What is the function of the uterus and ovaries?

The uterus, the source of monthly menstruation, also allows the growth of pregnancy to take place as the developing child is housed in the womb. In the absence of pregnancy, a typical female has about 400 menstrual cycles during her reproductive life. The ovaries are the sites where egg development with subsequent ovulation takes place, along with the production of key hormones, estrogen, and progesterone. Whereas estrogen prepares the lining of the uterus for pregnancy in the first 14 days of the cycle, progesterone then matures the endometrium between 14 to 28 days of the cycle, so that it can be ready for the first step of pregnancy, implantation. When an egg is fertilized by a sperm, the newly develop embryo travels down the fallopian tube and implants into the mature uterine lining. When this occurs, the pregnancy continues to develop and is housed in the uterus for an average of nine months and ten days until it is time for delivery.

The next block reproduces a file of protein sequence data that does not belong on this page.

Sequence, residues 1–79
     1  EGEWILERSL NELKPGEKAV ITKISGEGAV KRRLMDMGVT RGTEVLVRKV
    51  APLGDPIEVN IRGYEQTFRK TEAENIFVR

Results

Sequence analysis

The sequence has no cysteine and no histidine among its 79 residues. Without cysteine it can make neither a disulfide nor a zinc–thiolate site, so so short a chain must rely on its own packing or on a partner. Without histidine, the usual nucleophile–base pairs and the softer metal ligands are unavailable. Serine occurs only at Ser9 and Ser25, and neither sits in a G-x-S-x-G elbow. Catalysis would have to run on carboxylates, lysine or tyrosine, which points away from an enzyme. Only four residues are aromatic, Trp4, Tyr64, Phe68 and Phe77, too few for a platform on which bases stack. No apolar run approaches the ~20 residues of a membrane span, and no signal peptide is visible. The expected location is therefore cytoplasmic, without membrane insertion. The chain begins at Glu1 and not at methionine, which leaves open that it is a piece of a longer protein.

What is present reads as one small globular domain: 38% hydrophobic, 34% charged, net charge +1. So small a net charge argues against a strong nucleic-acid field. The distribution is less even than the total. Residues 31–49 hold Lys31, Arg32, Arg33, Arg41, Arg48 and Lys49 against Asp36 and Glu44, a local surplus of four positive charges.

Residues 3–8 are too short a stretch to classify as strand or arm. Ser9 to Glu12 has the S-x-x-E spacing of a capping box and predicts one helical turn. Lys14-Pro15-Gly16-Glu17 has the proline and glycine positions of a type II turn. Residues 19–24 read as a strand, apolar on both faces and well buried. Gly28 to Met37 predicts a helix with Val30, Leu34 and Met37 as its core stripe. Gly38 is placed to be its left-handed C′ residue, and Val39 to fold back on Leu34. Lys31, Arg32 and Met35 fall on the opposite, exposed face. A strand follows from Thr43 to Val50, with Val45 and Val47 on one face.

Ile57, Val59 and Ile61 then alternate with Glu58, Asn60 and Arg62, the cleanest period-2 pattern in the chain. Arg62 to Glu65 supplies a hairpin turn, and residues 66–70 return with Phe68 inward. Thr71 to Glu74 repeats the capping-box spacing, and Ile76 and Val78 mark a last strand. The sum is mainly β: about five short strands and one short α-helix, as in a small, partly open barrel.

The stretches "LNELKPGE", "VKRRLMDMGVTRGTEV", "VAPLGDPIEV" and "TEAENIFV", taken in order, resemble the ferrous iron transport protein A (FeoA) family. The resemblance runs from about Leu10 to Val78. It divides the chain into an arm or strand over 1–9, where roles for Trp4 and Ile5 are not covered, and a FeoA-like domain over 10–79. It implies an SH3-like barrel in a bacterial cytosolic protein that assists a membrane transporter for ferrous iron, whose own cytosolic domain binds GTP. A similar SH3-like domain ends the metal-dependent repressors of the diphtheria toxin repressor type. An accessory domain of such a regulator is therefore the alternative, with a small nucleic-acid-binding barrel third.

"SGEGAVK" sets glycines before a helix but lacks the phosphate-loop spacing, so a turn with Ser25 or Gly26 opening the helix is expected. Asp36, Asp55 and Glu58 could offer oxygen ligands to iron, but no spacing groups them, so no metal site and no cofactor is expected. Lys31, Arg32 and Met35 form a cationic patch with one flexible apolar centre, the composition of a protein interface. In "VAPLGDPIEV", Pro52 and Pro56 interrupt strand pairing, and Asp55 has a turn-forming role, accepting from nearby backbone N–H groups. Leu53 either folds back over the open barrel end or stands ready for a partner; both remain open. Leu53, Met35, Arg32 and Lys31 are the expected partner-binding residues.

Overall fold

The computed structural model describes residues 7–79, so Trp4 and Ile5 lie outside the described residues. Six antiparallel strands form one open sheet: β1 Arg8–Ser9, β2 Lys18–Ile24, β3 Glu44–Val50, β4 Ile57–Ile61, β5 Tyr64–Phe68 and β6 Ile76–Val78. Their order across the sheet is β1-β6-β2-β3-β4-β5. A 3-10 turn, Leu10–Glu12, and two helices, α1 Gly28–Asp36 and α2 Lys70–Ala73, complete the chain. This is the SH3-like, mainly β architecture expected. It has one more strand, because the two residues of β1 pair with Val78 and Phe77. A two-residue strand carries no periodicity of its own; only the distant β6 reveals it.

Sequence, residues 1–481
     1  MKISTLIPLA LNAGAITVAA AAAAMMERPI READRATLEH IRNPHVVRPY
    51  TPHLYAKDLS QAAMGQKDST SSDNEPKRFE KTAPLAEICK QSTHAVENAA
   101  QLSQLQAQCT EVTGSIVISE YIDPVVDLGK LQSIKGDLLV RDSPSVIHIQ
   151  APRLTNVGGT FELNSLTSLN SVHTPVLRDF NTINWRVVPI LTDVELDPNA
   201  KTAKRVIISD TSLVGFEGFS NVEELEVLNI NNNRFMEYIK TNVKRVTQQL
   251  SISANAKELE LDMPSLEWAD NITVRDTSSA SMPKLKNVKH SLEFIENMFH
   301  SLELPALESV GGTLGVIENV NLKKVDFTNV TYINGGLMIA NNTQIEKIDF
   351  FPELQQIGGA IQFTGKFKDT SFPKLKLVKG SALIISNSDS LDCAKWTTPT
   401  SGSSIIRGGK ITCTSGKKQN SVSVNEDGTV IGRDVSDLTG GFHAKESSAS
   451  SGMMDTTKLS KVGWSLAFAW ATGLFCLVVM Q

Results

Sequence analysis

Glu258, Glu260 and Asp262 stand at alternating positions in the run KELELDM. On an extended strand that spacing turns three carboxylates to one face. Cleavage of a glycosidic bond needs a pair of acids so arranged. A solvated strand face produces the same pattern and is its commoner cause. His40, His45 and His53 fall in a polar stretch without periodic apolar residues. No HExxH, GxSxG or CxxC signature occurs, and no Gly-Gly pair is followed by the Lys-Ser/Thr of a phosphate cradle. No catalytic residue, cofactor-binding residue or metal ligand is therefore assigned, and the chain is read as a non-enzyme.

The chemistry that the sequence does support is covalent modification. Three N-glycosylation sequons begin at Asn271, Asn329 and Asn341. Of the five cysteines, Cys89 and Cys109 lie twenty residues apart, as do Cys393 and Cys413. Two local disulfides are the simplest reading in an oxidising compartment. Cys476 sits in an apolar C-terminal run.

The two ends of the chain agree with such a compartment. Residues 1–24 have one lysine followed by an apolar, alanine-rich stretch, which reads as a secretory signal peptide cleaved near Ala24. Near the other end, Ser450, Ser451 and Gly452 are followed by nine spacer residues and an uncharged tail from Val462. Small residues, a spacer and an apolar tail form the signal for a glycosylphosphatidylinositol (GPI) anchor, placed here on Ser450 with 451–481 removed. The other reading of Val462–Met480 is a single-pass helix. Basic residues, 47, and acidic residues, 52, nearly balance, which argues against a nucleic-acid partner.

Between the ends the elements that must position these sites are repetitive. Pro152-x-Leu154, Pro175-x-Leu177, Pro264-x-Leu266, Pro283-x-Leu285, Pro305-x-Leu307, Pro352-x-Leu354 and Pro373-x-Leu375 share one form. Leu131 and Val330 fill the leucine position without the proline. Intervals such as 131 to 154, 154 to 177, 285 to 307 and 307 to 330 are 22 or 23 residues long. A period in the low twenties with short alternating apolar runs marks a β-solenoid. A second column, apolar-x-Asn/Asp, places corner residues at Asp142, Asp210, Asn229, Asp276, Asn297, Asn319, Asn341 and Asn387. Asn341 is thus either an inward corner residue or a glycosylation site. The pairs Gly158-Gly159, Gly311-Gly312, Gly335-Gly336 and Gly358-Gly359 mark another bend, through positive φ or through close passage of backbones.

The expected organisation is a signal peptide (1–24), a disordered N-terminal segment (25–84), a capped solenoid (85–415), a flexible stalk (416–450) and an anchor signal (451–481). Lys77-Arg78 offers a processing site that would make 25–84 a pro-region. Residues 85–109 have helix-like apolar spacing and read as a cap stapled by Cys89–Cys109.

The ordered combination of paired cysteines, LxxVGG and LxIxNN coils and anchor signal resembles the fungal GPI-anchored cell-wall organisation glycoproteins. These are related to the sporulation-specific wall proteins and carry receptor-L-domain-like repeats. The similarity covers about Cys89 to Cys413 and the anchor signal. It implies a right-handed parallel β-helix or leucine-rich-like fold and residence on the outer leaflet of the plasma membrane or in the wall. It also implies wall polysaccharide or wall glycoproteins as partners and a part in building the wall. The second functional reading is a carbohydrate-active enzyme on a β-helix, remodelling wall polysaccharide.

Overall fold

It is also important to note, that a common misconception is that the uterus is where key reproductive hormones are made. This is false. The uterus is not responsible for the production of estrogen, progesterone or any other hormones. But rather it is the ovaries that produce estrogen and progesterone and then feed into the uterus.

What are the side effects?

By removing the uterus, you are eliminating the function it serves, which is to host pregnancy development. Without the uterus, a woman will no longer have menstrual periods. Therefore, after it has performed a woman will not be able to bear children.

How common is it for a hysterectomy to be performed in the US?

According to the Center for Disease Control and Prevention (CDC), the United States has the highest rate of hysterectomy surgeries in the world, with more than 600,000 performed each year. In fact, approximately 300 out of every 100,000 women will receive it at some point in their life[4].

Why are so common?